Racket head getting wider

Discussion in 'Racquets' started by JonWood, Apr 26, 2005.

  1. JonWood

    JonWood New User

    Joined:
    Apr 7, 2005
    Messages:
    88
    i just got 2 new liquidmetal prestiges the other day same head size(mid plus) and when i looked at one of my old ones and then looked at the new one the head of the old one looked wider. is that because it has been strung over and over again. because the new one is so much more narrower. the old one doesnt have a crack or anything on it so thats not making the head wider. anybody know?
     
    #1
  2. O3&200G

    O3&200G Guest

    Basically it could be both stringing job or the wear of the racquet. I had same problem with 200G. I bought one with online and the other at local tennis shop. I asked him why and he said it is because I got bad racquet from online. However, I asked my friend who has been playing tennis for 20 years said it is because of the person strung the racquet. I went to the tennis shop and asked same question again, but he didn't agree with the opinion. He said he never heard that the stringing job change the shape of the racquet. When I cut the string, it became normal shape again. So I took the racquet to the other local tennis shop who can trust and the owner agreed that improper stringing job makes the change.

    I hope it helps.
     
    #2
  3. kinsella

    kinsella Semi-Pro

    Joined:
    Feb 18, 2004
    Messages:
    562
    If the cross strings are strung at lower tension than the mains, the higher tension in the mains can pull the top and bottom of the racquet head closer together, which means the sides move farther apart.

    Proper stringing should not change the shape of the racquet to a degree apparent to the nake eye. If the stringer was installing a lubrictated string, using a "lock-out" or mechanical stringer, the clamps could have become slippery with lubricant by the time the crosses were tensioned, allowing for a lower tension due to slippage, despite using the same tension setting on the stringer. I have had this happen with some Head strings (TiFiber and RipTiFiber) and some Gosens, which can have a lot of lubricant on them.

    Try a different stringer. I doubt the deformation is permanent.
     
    #3
  4. AndrewD

    AndrewD Legend

    Joined:
    Dec 11, 2004
    Messages:
    6,581
    I think a few of the guys on this board who are professional stringers (is David Huff one?) have mentioned that stringing a racquet will alter the basic shape of the head. Some racquets, I imagine, make it easier to spot the change than others. Other than that, Id be most concerned about the 200G if its the old 80's version as they were very prone to warping (the reason why I never tried to replace mine by buying second-hand).
     
    #4
  5. SteveI

    SteveI Legend

    Joined:
    Feb 19, 2004
    Messages:
    5,371
    Hi Guys,

    This is my take on this issue. I have been stringing for about 6 seasons now. Just my frames and a few local partners.. HS players etc. I had a 2-point mounting system (low-end) for my 1st stringer. I did my very best to always mount the frame as carefully as possible. With certain frames (Head Twin Tube Models/Dunlop MW series) I would see the overall length of the frame be reduced by .25 inches (and heads get wider) at times after stringing. Other frames (Prince POG/Wilson PSC 6.1) had no problems with the head or overall length changing. After my up-grade to a 6 point mounting system.. I have not seen the problem once. The "distorted" frames always went back to the correct shape and length when the strings were removed. Just my observations.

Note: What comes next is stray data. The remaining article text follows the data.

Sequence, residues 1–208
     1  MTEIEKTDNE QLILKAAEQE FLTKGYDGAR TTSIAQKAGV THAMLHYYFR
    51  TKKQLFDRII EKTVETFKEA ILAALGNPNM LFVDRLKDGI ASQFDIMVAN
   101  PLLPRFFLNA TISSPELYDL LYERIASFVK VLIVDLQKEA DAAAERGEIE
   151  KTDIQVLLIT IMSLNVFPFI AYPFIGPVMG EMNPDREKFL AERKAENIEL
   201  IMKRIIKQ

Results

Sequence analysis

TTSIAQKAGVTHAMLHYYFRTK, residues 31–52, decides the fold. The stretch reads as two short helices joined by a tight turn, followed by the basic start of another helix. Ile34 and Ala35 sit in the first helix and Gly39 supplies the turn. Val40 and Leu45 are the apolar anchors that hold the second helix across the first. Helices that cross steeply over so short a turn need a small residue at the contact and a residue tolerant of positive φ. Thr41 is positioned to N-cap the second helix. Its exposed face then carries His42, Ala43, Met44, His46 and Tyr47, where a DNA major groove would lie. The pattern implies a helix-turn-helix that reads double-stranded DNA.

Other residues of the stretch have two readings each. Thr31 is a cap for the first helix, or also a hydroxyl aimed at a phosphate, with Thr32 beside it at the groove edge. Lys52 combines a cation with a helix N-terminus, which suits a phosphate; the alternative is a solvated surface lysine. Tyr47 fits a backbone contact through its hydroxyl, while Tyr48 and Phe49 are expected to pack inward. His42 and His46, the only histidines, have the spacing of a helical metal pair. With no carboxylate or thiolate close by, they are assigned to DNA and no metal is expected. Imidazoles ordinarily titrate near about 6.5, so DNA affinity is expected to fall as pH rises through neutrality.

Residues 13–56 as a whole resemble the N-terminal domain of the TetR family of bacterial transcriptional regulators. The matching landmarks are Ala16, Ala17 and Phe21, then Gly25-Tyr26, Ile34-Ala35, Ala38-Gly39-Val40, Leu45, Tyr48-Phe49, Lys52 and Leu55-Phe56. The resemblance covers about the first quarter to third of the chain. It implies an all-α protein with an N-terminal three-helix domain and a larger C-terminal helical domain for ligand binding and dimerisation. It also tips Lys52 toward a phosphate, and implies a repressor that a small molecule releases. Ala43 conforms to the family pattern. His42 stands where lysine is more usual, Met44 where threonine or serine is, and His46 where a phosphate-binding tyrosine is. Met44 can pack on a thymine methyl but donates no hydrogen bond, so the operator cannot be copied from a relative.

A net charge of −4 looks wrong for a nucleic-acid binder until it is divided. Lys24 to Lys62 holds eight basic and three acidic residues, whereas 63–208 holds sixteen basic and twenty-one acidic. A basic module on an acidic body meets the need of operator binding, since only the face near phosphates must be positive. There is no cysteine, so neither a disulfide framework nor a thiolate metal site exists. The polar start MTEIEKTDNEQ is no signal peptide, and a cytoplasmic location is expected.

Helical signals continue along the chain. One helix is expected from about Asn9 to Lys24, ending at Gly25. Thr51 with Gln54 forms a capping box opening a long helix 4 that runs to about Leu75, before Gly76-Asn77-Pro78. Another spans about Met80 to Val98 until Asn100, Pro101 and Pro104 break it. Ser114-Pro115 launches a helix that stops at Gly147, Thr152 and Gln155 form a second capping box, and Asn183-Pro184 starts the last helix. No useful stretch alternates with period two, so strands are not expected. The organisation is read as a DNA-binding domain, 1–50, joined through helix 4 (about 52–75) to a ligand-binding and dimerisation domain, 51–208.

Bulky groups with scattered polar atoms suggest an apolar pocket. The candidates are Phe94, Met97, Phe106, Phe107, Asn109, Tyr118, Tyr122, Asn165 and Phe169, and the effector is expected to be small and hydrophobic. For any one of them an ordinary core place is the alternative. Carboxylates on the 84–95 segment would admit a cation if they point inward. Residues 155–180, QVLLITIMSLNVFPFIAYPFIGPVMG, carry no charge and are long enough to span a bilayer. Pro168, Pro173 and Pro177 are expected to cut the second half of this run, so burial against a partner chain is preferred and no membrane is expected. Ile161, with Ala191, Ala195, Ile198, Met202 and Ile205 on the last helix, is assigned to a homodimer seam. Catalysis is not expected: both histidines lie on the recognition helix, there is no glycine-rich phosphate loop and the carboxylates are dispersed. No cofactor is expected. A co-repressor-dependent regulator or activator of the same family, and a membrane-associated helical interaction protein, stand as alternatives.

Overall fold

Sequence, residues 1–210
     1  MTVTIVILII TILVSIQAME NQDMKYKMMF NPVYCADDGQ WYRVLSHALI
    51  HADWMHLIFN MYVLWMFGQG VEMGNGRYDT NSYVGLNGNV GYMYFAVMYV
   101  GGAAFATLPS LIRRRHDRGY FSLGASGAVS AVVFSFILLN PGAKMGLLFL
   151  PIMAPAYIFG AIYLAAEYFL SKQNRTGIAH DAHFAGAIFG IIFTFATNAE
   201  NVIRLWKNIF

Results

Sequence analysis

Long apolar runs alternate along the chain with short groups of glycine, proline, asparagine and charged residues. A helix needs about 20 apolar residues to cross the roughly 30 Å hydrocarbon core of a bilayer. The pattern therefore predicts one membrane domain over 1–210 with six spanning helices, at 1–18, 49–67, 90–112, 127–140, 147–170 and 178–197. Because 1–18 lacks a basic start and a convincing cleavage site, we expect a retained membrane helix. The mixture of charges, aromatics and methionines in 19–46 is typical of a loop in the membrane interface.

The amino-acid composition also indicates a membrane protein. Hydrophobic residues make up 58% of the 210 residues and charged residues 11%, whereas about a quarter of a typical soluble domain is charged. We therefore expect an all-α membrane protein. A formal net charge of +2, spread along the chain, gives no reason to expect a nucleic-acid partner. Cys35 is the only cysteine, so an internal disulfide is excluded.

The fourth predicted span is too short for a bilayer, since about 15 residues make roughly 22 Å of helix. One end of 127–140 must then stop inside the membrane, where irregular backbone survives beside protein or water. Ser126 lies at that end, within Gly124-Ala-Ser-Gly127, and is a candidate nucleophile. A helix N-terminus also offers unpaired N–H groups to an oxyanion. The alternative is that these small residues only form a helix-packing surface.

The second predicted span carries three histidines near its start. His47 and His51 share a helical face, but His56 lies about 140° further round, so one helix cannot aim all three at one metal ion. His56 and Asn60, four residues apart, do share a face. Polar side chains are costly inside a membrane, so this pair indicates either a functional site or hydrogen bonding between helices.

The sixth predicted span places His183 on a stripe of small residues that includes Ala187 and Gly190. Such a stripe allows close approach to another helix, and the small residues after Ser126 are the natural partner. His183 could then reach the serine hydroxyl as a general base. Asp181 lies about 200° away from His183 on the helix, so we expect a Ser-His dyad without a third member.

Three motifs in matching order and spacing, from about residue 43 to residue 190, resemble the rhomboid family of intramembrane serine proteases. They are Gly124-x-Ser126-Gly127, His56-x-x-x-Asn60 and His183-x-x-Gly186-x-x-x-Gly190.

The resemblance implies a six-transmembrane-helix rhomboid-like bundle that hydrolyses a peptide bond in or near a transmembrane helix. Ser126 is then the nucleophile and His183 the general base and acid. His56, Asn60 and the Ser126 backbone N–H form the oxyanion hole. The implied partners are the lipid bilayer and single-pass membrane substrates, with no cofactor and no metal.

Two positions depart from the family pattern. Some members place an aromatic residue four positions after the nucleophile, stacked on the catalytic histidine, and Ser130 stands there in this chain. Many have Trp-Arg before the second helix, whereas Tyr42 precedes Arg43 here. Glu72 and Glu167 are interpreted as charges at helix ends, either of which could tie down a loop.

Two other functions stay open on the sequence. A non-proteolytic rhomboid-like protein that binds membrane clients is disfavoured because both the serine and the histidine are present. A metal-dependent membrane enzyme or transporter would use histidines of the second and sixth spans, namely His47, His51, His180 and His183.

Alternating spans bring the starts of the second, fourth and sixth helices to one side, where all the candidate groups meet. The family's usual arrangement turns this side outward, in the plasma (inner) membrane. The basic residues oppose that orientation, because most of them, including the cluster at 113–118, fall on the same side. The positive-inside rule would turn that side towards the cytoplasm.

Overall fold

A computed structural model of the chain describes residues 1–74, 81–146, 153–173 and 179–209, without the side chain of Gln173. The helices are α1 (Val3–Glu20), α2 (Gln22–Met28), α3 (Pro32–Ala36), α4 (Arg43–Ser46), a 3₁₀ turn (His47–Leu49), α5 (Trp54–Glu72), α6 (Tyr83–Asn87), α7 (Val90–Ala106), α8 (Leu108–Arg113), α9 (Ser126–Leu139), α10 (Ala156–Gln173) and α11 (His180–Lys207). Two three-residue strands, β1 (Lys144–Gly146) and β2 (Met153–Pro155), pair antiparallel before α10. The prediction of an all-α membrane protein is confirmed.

Have a great day!

    Steve
     
    #5
  6. Craig Sheppard

    Craig Sheppard Hall of Fame

    Joined:
    Feb 19, 2004
    Messages:
    2,361
    Location:
    Raleigh, NC
    #6
  7. JonWood

    JonWood New User

    Joined:
    Apr 7, 2005
    Messages:
    88
    yeah that has to be it that the string job was bad, my coach did it for me like 45 mins before the match started and he forgot most of his tools but remembered the string machine so it wasnt the perfect string job like i usually have when i get my dad to do it since he has been stringing for atleast 30 years now. i would do it but it just takes me a little while
     
    #7
  8. predrag

    predrag Professional

    Joined:
    Feb 18, 2004
    Messages:
    1,012
    Location:
    Ann Arbor, MI
    Bad mounting might be a problem, however, it is a higher chance that
    the racquet was strung bottom-top

    Regards, Predrag
     
    #8
  9. Steve Huff

    Steve Huff Legend

    Joined:
    Feb 11, 2004
    Messages:
    7,280
    Yes, stringing can cause deformation. It's usually not the tension difference that causes it though, it's improper mounting or a mounting system that's not sturdy enough. The crosses are always lower in tension because of friction loss, but the manufacturers of the rackets take that into consideration when they design the frame. They can't, however, figure in a stringing machine that doesn't keep the rackets shape while stringing.
     
    #9

Share This Page